• How valuable are algorithms anyway? – There are many points of view to this question. However much I disagree with them, there are parties out there who believe that you can be a perfectly good software engineer without knowing a darned thing about how algorithms work, or even a digital computer for that matter. My counterpoint is that there is a difference between an aircraft mechanic and an aerospace engineer. Which one is more valuable and which one would you rather be? I’ll leave that thought process up to you. A better question to ask might be an inquiry into how relevant algorithms are.
    • How relevant are algorithms anyway? – As much as I believe that knowledge of algorithms and how a computer works is important to be a successful and valuable software engineer, I also know, and everyone else knows, that this knowledge is rarely used on the job. The “Not Invented Here” mindset is pervasive and imposed in teams. For many and most applications this is good policy. If there is a well tested and sure fire library that is able to fill a need it is safer and more appropriate to incorporate it than reinventing the wheel. Round wheels are good wheels so to speak. So, if one were to consider algorithm challenges in relation to this question, it makes one wonder why the heck we even ask these questions anyway. If so many people in the industry think they are not valuable in a Software Engineer’s daily tasks then why do we use them to evaluate Software Engineers?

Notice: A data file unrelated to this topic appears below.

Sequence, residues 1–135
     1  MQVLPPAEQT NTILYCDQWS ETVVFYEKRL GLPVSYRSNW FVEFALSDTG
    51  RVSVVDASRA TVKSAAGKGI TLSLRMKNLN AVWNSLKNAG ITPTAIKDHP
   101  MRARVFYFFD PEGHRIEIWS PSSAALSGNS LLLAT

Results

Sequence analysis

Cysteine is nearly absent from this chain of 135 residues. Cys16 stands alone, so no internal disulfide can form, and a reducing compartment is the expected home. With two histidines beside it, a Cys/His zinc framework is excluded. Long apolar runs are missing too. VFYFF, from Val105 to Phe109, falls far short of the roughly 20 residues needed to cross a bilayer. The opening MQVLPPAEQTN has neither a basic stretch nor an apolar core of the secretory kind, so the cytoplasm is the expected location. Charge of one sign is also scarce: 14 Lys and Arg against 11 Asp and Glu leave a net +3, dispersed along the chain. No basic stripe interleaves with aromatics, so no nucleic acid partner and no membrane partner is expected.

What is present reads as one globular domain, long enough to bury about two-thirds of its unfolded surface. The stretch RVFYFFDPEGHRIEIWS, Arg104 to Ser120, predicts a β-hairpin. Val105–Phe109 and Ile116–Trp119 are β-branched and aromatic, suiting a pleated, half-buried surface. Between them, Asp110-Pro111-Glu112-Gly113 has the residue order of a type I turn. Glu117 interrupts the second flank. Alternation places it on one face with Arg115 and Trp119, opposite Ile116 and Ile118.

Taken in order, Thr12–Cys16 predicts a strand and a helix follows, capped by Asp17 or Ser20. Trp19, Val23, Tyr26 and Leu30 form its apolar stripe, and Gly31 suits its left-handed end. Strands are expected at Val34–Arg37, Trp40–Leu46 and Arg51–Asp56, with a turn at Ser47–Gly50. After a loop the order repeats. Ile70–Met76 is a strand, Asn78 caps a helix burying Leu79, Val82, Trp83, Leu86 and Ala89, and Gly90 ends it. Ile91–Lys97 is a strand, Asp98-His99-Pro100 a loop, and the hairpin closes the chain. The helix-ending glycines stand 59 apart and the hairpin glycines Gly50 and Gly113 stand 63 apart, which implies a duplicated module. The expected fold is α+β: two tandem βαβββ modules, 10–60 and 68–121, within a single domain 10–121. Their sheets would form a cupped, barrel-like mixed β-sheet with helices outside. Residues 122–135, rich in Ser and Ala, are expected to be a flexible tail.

• The dark side of algorithm challenges – As to many philosophical questions in life, there is a dark side to these pernicious algorithm challenges. The fact of the matter is that there is a huge quantity of people that are trying to throw themselves into the tech industry. Within a day of a job posting going up on LinkedIn it indicates that there have more than a hundred applicants. Virtually no company has the resources to interview them all. The fact is that these algorithm challenges are put up as a mechanism to ward off the hoard of applicants who are not suited to the job or don’t have basic programming skills. The problem is that everyone seems to have a different notion about what the word ‘basic’ means in this context.